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Rome to Regain Control of the World
Vatican City: Its Own Little Country
Back in the 1880's when Ellen White penned her prediction of a revival of the papacy's
world dominance, some found it hard to believe.
The papacy had just been dealt another blow in 1870 when she lost control both of the Papal
States and of the city of Rome itself. Not until Mussolini in 1929 ceded the Vatican to the
papacy did the papacy have its own little country again.
The papacy lost both its supremacy and its temporal power (its sovereign territory)
in 1798. While it has not since regained its supremacy, it did regain its temporal power
in 1800 when a new pope ruled over the papal states. It lost
its territory again in 1809, and regained it again after 1815.
According to papal loyalist Malachi Martin, the situation after that point was
anything but pretty:
Between 1823 (death of Pius VII) and 1846 (when
Pius IX was elected), almost 200,000 citizens of the
papal states were severely punished (death, life
imprisonment, exile, galleys) for political offenses;
another 1.5 million were subject to constant police
surveillance and harassment.
There was a gallows permanently in the square of
every town and city and village. Railways, meetings
of more than three people, and all newspapers were
forbidden. All books were censored. A special
tribunal sat permanently in each place to try,
condemn, and execute the accused. All trials were
conducted in Latin. Ninety-nine percent of the
accused did not understand the accusations against
them. Every pope tore up the stream of petitions that
came constantly asking for justice, for the franchise,
for reform of the police and prison system. When
revolts occurred in Bologna, in the Romagna, and
elsewhere, they were put down with wholesale
executions, sentences to lifelong hard labor in the
state penitentiary, to exile, to torture.—Decline
and Fall of the Roman Church, p. 254.
Many today think that the old fears back then about the papacy being a threat to freedom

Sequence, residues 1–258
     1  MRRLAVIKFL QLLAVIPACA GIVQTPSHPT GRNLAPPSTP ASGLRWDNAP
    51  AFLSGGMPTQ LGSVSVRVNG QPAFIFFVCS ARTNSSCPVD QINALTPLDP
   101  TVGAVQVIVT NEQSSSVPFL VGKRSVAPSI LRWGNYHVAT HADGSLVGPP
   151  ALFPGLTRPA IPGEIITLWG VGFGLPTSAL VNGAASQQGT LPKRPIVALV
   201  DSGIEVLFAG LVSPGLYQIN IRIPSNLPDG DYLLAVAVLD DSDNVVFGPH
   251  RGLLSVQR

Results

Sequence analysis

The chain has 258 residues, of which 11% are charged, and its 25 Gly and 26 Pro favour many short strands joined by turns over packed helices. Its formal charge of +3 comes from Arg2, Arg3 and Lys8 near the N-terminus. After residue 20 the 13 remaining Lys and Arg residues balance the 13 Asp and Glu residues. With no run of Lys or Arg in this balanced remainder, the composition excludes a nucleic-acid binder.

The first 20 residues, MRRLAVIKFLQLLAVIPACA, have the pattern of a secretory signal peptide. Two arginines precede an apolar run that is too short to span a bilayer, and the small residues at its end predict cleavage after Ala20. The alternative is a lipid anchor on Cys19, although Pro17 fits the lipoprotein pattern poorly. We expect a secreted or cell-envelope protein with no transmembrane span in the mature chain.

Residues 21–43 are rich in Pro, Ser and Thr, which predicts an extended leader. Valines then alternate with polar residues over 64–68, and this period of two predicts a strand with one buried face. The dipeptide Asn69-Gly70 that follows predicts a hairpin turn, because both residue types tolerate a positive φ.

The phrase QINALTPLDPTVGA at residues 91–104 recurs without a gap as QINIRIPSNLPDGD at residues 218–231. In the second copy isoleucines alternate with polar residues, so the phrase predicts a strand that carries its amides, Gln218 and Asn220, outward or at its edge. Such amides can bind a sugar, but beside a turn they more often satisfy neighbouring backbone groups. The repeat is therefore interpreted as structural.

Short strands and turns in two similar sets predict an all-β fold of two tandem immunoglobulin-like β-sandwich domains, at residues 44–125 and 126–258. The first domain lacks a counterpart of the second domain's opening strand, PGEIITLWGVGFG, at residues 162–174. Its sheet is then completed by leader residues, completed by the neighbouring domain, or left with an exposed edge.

were just anti-Catholic bigotry. Hardly. Even Catholics of the nineteenth century thought
that the papacy was a menace.
The above situation led to the papacy losing its territory once again in 1848,
but it regained it again in 1849. Then it lost it one last time in 1870.
For 59 years, from 1870-1929, the papacy complained
about this loss of territory. Why should it? No other church in the world has
its own little country. Why should the papacy care?
In 1870 multitudes of Catholics thought that the loss of all temporal power
was a good thing. Divested of all civil power, the popes could concentrate on spiritual things
for a change and leave worldly things alone. Why then did the papacy insist on having
its own little country?
The answer concerns a point of papal dogma, and has a direct bearing on the papacy's
regaining world dominion. The Vatican teaches that the pope replaces Jesus
Christ on earth, and holds on this planet the place of God Almighty. It follows
logically that if you can't tell the Father and the Son what to do, then you
really can't tell the pope what to do either.
But that leaves us with a big problem: If the pope is a mere citizen of a country such as
Italy, then he must be subject to the authorities of Italy
like the Bible commands (Rom. 13:1). However, if he is the head of his own country, then he
answers to no one whatsoever and can do as he pleases. Thus the possession of his own
sovereign state is of vital importance.
Moreover, it serves as a base of international operations that no other church can match.
The fact that the Vatican is considered a sovereign country aids its objective
of exchanging ambassadors with as many nations as possible. It can then through its ambassadors
influence the legislation and policies of the entire globe, more than any other
It was in 1867 that the U.S. Congress ceased funding the U.S. diplomatic mission
in Rome, which caused its closure. The reason for the cessation of funding was
that Congress had heard that the papacy had forbidden Protestant religious services
to be conducted in the city of Rome.
In 1939 Franklin Roosevelt began some sort of diplomatic relations with the Vatican by
sending his personal representative. In 1984, Ronald Reagan established formal diplomatic
ties, and regular ambassadors were exchanged between the Church of Rome and Washington.
But the question must be asked, Does the Vatican now allow Protestant worship services
to be freely conducted on its soil? If not, then why were diplomatic ties
Does the Vatican discriminate on the basis of religion in its hiring practices
for positions in its government? Sure, churches should be allowed to hire only
those of their own persuasion, but for a country to do that seems totally unacceptable.
The U.S. Constitution forbids religious tests for office, and it should.
Because of that provision, Catholics today hold numerous offices at all levels of government.
Should not the Vatican do likewise in the name of religious freedom, and thus
demonstrate that no one has anything to fear about its rapid rise in popularity and
power since 1929?
Arguably, the United States of America is the most powerful nation on the globe today.
And yet not even the president of the United States hosts the pope at the White House.
The president always goes to see the pope at the Vatican or some other agreed place,
but the pope never goes to see the president at his office or home. This sends a
clear message that the pope is the greater of the two, whether that be the truth or not.
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